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WebRTC – the show is over folksChris Koehncke
Fellow tweeter, Dave Michels (@DaveMichels) posted that the hype surrounding WebRTC has peaked. Indeed, Google has shrugged their shoulders, said they’ve done all that needs to be done and moved on down the road. The entirety of the voice/video industry, vendor hype, standards debates and declarations of being a “market leader” suddenly muted.
Think back. Years ago, when Jeff Pulver capitalized on VoIP with his infamous VON show, there was no way you could build even a simple voice app by yourself. You needed to buy stuff. Stuff from pesky vendors. You couldn’t build a softphone by yourself, that was nearly impossible involving black magic and uninvented science. You needed some type of softswitch to “switch” things and numerous vendors leapt in your face if you had $5 in your pocket. Of course you needed a security SBC box as well, least the evil empire discover an open door. Finally, you’d better have been compliant with a long list of numb titled RFC-xxxx least none of the items in your shopping cart would work at all.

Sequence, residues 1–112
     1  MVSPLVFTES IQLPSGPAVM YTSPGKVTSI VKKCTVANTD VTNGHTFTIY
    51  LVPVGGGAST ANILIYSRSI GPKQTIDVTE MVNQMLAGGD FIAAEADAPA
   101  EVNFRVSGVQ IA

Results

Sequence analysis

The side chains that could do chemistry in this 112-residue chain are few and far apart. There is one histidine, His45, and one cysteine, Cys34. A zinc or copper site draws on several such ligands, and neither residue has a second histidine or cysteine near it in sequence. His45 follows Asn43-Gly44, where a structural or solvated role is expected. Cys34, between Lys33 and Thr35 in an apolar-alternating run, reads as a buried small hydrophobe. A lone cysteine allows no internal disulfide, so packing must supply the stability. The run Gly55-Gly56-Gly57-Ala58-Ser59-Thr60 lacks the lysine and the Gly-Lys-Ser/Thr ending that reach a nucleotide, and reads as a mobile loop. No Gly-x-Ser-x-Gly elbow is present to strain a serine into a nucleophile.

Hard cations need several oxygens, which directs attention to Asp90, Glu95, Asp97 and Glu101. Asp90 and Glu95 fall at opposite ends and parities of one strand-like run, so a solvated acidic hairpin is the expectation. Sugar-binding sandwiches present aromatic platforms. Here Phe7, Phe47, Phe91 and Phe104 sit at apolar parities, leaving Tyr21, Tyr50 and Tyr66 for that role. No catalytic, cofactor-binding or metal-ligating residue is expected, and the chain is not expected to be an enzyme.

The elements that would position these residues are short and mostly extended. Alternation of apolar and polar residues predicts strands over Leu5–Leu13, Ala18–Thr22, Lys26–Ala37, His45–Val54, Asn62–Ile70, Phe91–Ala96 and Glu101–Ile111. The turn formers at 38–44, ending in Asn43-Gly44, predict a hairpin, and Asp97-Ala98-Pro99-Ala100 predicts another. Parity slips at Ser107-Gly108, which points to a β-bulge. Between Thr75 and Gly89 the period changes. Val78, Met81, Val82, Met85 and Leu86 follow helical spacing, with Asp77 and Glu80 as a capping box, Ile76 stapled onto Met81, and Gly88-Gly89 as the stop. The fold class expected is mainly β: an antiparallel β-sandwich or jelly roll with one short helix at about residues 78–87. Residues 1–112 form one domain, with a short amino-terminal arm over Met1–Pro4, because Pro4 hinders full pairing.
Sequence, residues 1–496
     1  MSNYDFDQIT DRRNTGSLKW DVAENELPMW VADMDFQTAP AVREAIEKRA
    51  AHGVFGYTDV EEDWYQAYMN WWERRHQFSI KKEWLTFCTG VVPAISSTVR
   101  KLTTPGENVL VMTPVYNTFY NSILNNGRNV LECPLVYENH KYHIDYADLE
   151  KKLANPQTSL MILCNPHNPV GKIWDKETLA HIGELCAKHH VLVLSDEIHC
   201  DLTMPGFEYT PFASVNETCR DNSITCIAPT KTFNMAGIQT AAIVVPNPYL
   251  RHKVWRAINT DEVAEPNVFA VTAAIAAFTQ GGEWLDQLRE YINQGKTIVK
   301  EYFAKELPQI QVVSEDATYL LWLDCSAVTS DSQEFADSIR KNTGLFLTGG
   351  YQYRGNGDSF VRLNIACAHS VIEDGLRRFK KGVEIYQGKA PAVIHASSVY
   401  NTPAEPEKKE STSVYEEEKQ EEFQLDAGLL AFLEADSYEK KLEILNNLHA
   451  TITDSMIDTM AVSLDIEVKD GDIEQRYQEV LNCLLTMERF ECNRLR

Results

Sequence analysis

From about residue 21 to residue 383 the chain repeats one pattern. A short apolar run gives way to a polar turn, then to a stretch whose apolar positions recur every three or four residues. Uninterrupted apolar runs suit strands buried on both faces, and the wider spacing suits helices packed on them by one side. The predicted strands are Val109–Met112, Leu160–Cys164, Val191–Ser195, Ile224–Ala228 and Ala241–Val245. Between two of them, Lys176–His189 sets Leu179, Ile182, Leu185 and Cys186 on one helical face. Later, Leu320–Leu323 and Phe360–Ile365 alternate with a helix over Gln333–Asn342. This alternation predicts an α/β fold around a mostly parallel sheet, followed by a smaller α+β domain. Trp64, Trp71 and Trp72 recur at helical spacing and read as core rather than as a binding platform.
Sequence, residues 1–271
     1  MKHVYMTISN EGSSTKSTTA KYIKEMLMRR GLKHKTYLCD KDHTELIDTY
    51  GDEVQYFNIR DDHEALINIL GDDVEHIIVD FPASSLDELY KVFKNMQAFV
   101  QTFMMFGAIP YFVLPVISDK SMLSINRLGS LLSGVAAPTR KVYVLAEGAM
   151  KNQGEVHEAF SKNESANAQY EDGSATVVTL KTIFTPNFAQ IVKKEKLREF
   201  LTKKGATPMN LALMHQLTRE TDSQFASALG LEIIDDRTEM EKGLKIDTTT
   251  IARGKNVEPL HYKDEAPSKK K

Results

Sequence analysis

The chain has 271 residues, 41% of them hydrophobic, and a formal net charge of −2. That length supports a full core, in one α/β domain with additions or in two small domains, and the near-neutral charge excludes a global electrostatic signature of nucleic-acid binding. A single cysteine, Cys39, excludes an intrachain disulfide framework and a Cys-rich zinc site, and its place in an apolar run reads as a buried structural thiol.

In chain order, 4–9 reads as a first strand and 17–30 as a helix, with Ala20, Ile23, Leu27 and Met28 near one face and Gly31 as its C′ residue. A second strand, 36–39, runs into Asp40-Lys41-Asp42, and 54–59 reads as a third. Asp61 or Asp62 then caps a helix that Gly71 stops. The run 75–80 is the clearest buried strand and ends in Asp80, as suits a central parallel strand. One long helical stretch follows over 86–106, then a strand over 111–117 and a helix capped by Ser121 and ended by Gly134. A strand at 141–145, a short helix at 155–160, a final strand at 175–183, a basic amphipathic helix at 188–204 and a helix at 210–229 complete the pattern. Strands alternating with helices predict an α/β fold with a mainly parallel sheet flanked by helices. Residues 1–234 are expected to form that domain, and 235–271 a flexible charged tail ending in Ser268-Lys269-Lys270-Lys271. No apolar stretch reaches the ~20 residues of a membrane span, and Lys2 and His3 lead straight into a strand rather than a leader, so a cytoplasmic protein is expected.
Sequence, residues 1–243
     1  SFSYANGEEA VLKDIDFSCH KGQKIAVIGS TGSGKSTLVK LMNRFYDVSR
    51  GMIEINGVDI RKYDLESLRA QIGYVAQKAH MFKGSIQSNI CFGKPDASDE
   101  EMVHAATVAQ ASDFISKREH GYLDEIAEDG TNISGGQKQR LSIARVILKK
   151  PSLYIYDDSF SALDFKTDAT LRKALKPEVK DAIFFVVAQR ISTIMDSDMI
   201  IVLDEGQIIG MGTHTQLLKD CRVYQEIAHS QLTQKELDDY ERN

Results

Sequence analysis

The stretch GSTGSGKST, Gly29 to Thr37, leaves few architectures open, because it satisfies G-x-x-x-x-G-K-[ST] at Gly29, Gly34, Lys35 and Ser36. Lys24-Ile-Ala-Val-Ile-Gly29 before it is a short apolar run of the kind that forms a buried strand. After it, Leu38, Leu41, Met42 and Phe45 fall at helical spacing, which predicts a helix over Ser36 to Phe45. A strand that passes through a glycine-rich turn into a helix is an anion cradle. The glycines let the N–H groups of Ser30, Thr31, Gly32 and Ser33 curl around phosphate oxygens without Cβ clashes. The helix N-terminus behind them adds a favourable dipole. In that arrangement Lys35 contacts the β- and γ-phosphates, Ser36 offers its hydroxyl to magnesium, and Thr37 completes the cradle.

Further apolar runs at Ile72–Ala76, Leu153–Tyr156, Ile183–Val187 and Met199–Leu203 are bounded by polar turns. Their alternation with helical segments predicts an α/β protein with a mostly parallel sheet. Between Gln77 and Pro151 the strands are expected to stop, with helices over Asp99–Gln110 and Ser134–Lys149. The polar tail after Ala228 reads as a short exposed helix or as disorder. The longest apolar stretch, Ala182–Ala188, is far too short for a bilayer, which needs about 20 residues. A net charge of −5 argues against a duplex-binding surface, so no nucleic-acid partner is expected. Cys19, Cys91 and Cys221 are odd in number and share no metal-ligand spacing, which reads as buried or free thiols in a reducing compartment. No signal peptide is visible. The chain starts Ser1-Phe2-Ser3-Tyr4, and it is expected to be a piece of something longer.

The VoIP circus dragged along for years and events became family reunions. Uncle Harry is not doing so well, you heard he’s not RFC-3261 compliant, he may not make it. Oh dear. But for all the noise, there was scant innovation, little creativity and nothing that changed the game.
So sing the praises to Google for stopping this madness. This didn’t need to be so hard, yet some small group decided it should be hard and we simply accepted it. The introduction of WebRTC has sealed the door, voice & video just isn’t that hard. You have a browser, you have a Notepad application. You’re ready to write your first WebRTC application.
Now the real work begins, the real challenge, rethinking about how we communicate. We drown in often too much and nearly as often too little information. The majority of the daily tools we all use have been with us for 10+ years. It’s ineffective and inefficient. There is and should be a higher level of this game. With the complexity of communications irradiated, we can focus on the “what” and forget about the “how” element.
The early WebRTC applications have simply shown that the technology works and we’ve reached that base camp. But it’s time to pack up and indeed move to the next higher camp, it will be tough going, some of of us won’t make it, some new strange types will join the trek. The whirlpools of innovation are swirling with things like Peerjs, Perch, Siemens’ Project Ansible, Citrix’s Project Zeus and numerous new types of collaboration systems. All vying in this new game of redefined communications.